Introduction to the “Injustice in Maternity Care” Series
Throughout my time as a labor and delivery nurse at a large urban hospital in the Northeast, I have mentally tallied up a list of patients and circumstances that make me go “WHAT!?! Are you SERIOUS!? Oh come ON!”
What do I mean? If you have ever watched the amazing documentary The Business of Being Born and thought to yourself, “Oh no, that can’t be true? That must be an exaggeration,” I am here to tell you that it is NOT an exaggeration.
The fact is, the current state of maternity care in the United States is in a crisis and many times I find myself feeling defeated and helpless regarding it all. I mean don’t get me wrong, I take my job as a nurse and patient advocate very seriously and protecting the health, safety, and autonomy of my patients is very important to me. So seriously in fact that I have all but thrown a screaming fit at times when faced with particularly outrageous obstetricians and unjust circumstances. (Oh wait, I have thrown screaming fits before…Haha! J ) In the end I often find myself working with nurses that I feel are dedicated and fantastic, but who none the less have had to put up with this bullshit for so long that they sort of become complacent to it.
So where does that leave me? I feel my position as an L&D nurse really puts me at the end of the line when it comes to affecting change in how woman and families approach pregnancy and childbirth. One of the things that really inspired me to start this blog was that I realized I really only get my “hands” on families after they have already been sucked in to the medical model of maternity care. One particularly hard pill for me to swallow is this country’s epidemic of women undergoing unnecessary interventions, including but not limited to, the inappropriate use of labor induction and augmentation and unnecessary primary and repeat cesarean sections. But the more and more I have worked in this “culture” and talked with these women and families, the more and more I have realized that all too often these women are really lured in and duped into these interventions! That true informed consent is not really obtained and alternatives to the obstetrician’s (and even some “med-wives’ ”) proposed course of action are NOT provided. And a few days ago I took care of a patient that was really just the straw that broke the camel’s back.
Because of this I was inspired to start the “Injustice in Maternity Care” blog series, or more appropriately the “Don’t Let This Happen to You” series. If you are pregnant or planning on becoming pregnant, this series is dedicated to you! Since I prefer countdowns instead of count ups, I decided to start at a random number. I have no doubt I will be able to come up with 25 situations I have found myself or my patients in that could easily make the list. (Hmmm, maybe I should start at 1000! J )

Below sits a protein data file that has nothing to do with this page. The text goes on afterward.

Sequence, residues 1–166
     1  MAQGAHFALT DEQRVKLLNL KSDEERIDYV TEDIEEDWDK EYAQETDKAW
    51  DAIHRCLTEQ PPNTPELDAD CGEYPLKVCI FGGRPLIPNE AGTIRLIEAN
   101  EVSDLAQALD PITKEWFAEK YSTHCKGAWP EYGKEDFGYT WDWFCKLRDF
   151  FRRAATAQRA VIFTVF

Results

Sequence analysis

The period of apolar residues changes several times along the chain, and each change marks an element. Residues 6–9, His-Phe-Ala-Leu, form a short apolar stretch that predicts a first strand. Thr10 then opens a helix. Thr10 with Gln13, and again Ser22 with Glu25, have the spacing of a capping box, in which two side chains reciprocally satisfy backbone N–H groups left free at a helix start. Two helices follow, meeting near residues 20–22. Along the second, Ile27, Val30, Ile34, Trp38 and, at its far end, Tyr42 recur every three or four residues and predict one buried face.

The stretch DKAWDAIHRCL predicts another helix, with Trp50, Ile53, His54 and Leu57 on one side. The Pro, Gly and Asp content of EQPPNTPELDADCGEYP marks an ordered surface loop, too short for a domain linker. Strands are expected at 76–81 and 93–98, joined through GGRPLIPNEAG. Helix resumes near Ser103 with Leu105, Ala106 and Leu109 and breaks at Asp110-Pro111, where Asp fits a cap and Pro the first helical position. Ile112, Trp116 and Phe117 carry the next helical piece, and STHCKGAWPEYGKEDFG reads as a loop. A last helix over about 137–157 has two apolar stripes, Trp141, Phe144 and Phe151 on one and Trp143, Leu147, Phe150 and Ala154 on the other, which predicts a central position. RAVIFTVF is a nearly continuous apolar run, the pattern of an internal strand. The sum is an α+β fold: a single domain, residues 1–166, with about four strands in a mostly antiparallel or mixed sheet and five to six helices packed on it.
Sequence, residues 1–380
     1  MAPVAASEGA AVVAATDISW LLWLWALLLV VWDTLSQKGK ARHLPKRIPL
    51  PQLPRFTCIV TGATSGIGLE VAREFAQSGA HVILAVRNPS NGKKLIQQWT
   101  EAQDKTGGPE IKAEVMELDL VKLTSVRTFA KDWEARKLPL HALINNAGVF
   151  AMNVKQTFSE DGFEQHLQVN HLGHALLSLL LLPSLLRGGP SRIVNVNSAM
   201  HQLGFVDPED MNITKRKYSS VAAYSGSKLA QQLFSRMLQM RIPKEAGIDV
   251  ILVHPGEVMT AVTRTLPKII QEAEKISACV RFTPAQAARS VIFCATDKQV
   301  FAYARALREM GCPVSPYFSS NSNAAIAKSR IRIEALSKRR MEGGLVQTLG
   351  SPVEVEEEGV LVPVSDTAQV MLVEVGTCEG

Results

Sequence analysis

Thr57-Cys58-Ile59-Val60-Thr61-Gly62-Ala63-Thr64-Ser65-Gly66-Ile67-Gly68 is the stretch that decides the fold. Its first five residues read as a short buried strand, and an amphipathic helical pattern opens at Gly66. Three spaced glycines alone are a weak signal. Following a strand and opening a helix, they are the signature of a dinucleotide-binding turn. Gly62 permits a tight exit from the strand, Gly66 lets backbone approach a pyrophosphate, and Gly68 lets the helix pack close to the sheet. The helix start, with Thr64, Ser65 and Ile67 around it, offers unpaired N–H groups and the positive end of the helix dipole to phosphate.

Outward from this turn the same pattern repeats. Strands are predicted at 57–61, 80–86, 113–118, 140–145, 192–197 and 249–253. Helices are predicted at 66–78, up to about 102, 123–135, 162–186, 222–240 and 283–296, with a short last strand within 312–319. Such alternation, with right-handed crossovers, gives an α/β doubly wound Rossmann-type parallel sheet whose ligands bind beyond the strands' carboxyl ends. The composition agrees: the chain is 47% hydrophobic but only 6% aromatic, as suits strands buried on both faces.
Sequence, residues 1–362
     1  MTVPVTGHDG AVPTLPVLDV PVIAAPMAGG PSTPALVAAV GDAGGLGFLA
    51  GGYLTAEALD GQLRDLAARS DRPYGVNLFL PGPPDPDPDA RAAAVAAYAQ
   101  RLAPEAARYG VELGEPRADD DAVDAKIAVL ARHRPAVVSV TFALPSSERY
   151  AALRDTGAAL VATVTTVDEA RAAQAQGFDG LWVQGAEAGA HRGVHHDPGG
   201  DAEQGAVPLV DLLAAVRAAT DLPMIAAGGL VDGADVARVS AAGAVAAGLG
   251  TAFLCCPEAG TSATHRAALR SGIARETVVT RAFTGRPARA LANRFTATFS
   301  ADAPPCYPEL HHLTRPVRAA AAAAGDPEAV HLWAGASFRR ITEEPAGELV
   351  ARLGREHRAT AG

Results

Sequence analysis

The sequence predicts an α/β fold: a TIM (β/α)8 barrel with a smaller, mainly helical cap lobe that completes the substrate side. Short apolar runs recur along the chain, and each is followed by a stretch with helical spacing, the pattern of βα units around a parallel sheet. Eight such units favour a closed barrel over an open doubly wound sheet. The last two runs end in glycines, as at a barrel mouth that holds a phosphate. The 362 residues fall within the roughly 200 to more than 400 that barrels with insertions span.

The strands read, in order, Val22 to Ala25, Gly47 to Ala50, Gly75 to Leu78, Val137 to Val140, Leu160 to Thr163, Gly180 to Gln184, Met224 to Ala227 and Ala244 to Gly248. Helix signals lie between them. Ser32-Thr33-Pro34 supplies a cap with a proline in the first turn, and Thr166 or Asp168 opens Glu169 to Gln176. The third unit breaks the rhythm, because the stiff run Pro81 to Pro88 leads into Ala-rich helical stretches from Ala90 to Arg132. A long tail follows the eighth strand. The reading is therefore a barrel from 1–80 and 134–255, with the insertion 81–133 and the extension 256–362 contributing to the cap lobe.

Don’t Let This Happen To You #25: PART 1 of 2
Sarah & John’s Unnecessary Induction for “Oligohydramnios” and “Post-dates”
I came to work for 11:00 am as usual one cold and rainy Monday morning and despite the many obvious reasons to be in a bad mood, I was actually pleasantly optimistic about my upcoming shift. Things seemed to be going my way when I saw my assignment. I would be taking over a laboring patient of Dr. F’s in room 11 for a nurse who was only working a half shift. Since assisting women during labor is my favorite part of being an L&D nurse, I was happy.
So I went to the desk closest to the patient’s room and started to look over her chart until her current nurse was ready to give me report. Let’s see here…26 year old first time mom, first pregnancy (G1P0), no medical risks in her health history, no complications during this pregnancy. According to her LMP she is 40 weeks and 5 days (“aka” still 9 days away from 42 weeks or true “postdates”). A quick look at her most recent ultrasound report (performed 3 days earlier) showed a Grade II placenta (“aka” normal, healthy and well functioning), an amniotic fluid index (AFI) of 8.4 (“aka” normal, since at term a normal AFI is anywhere from 5-25), and an estimated fetal weight (EFW) of approximately 3628 grams (or 8 lbs 3oz). (Note: It is well documented in the medical literature that third trimester ultrasound scans can be off by as much as +/-2 pounds when estimating fetal weight!). Looking at the fetal heart rate pattern on the computer showed a reactive and reassuring strip with moderate variability, presence of great accelerations and absence of decelerations. Her vaginal exam on admission was 3cm, 70% effaced, minus 2 station. Hmm…she must have been admitted for labor….oh wait…what’s this in the doctor’s admission note?….
Indication for admission: Induction for oligohydramnios (low amniotic fluid) and post dates.